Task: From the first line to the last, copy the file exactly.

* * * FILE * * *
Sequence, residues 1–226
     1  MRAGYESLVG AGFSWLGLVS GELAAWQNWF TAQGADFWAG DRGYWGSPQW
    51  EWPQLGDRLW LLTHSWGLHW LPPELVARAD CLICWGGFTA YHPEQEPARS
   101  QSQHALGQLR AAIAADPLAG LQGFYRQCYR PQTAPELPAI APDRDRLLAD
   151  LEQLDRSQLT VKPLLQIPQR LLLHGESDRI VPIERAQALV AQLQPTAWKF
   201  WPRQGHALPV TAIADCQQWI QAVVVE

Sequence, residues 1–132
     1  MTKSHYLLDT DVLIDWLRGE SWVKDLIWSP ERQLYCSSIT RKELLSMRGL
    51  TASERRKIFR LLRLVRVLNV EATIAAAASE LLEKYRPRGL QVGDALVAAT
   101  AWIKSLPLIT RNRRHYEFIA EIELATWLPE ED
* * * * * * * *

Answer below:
Sequence, residues 1–226
     1  MRAGYESLVG AGFSWLGLVS GELAAWQNWF TAQGADFWAG DRGYWGSPQW
    51  EWPQLGDRLW LLTHSWGLHW LPPELVARAD CLICWGGFTA YHPEQEPARS
   101  QSQHALGQLR AAIAADPLAG LQGFYRQCYR PQTAPELPAI APDRDRLLAD
   151  LEQLDRSQLT VKPLLQIPQR LLLHGESDRI VPIERAQALV AQLQPTAWKF
   201  WPRQGHALPV TAIADCQQWI QAVVVE

Sequence, residues 1–132
     1  MTKSHYLLDT DVLIDWLRGE SWVKDLIWSP ERQLYCSSIT RKELLSMRGL
    51  TASERRKIFR LLRLVRVLNV EATIAAAASE LLEKYRPRGL QVGDALVAAT
   101  AWIKSLPLIT RNRRHYEFIA EIELATWLPE ED